Dan, Heather, Jeremiah, Tory, Emma, Tye, Claire, Levi, Josie, Jane and Ethan

Saturday, October 13, 2012

Tools for the Toolbox

Patient walking the day after surgery, standing with Dr. Marakalala, orthopedic resident from Botswana training at Tenwek.

Young lady with bilateral femur fractures treated with SIGN nails.

Another patient, up walking the day after surgery.

Happy to have his leg fixed!

Another young man with retrograde SIGN nail.

16 year old boy with Russell-Taylor nail.

X-ray of retrograde SIGN nail.

Femoral Russell-Taylor nail.

Tibial Russell-Taylor nail.

Paul Whiting, orthopedic resident from Tufts, who visited Tenwek in March, presenting our data from Tenwek on open femur and tibia fractures.

Boxes and boxes of Russell-Taylor nails.

All-day job but totally worth it.

"Too-long" nails to be delivered to Cedarville team who will cut nails down to a more useable lengths.

The new orthopedic storeroom is underway! 

One of my most important jobs as a missionary orthopedic surgeon at Tenwek is to ensure that we have all the necessary implants and instruments we need to provide the best possible care for our patients.  Implants and instruments are to an orthopedic surgeon as nails and tools are to a carpenter…without them, our care for the poor here would be extremely rudimentary and subpar.

As the majority of our orthopedic work at Tenwek is trauma-related, we see an exorbitant number of femur and tibia fractures secondary to road traffic accidents.  The “standard of care” for these types of fractures is the intramedullary nail (a long rod placed down the center of the canal, stabilizing the bone while it heals).  At Tenwek, we have two major types of nails: SIGN nails and Russell-Taylor Nails.  Without getting too technical, both of these rods are extremely critical and essential (each with slightly different indications) for treating the numerous femur and tibia fractures we see at Tenwek.

My trip to the States began at the annual SIGN conference, where we presented data from Tenwek on open (bone through skin) tibia and femur fractures treated with the SIGN nail.  Since first introducing these nails to Tenwek in December 2008, just shy of 600 have been performed!  For every SIGN nail done at Tenwek and reported on the on-line database, the SIGN Company replaces these nails at no cost to Tenwek.   Thus, as I left the conference, I carried with me a duffel bag of over 50 lbs of nails and other tools for Tenwek.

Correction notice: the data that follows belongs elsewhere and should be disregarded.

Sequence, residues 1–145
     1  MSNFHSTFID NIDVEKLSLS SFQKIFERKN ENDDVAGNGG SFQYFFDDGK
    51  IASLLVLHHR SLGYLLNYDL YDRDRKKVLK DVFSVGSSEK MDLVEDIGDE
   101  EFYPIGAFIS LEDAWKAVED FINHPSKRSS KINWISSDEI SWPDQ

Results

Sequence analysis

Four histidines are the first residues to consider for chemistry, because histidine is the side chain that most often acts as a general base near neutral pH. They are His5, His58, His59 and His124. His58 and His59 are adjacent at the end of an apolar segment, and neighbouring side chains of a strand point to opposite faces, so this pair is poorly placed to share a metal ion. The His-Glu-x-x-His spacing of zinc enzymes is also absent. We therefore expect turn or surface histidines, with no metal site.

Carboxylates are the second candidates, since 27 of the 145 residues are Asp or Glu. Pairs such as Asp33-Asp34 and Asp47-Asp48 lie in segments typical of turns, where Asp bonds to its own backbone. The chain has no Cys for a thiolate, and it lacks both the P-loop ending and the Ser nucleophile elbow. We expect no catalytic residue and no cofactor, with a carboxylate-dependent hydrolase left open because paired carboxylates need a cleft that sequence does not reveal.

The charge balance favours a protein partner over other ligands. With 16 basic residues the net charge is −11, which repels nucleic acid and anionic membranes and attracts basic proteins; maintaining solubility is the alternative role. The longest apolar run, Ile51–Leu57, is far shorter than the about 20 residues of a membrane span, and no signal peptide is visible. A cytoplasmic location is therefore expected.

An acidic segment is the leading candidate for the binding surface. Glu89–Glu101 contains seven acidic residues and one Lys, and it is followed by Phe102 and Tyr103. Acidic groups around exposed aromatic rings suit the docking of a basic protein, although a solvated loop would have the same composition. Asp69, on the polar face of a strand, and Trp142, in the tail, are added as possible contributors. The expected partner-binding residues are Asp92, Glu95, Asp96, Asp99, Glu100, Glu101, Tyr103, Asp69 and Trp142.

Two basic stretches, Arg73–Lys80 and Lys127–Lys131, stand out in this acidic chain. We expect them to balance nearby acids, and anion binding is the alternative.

After visiting my in-laws and two churches in Phoenix, AZ, I then flew to Indiana to visit our mission agency, WGM, and sort through a massive donation of Russell-Taylor nails provided by Hope Force International.  Donations such as these usually contain a number of “odd” sized nails, either too short or much too long to be used in the majority of patients (unless a dwarf or NBA player).   I segregated two 50 lbs duffel bags of the “choicest” nails (perfect size) for immediate delivery to Tenwek (thanks Todd and Bill!).  Also, I found over 300 nails, size 46cm or above (too long for our patients at Tenwek), which I brought to Dr. Timothy Norman, professor of Biomedical Engineering at Cedarville University in Ohio, who organized a student project to cut and re-machine these nails to more usable lengths.

After several other engagements, including a meeting with the executives of a major orthopedic manufacturing company in Warsaw, IN, I returned to Kenya with 10 checked bags full of orthopedic supplies (which, thankfully, ALL arrived and cleared customs with minimal questions).  And these supplies did not come too soon.  Just last week alone, I personally did 8 Russell-Taylor nails and “team ortho” did another 8 SIGN nails, all in people who would otherwise potentially be permanently lame without these implants.  Instead, these patients were up walking, even the day after surgery, and truly very thankful (see pics). 

These nails provide a significant, yet minority part of our total needs at Tenwek.  And we continue to trust God to provide.   I am humbled by the fact that God is the One who does the work…it seems the harder I personally try, the less fruitful the results.  On the contrary, the more we pray for His provision, the floodgates open.  Thanks again for partnering with us in serving the poor at Tenwek in Christ’s name.  We appreciate your prayers and support!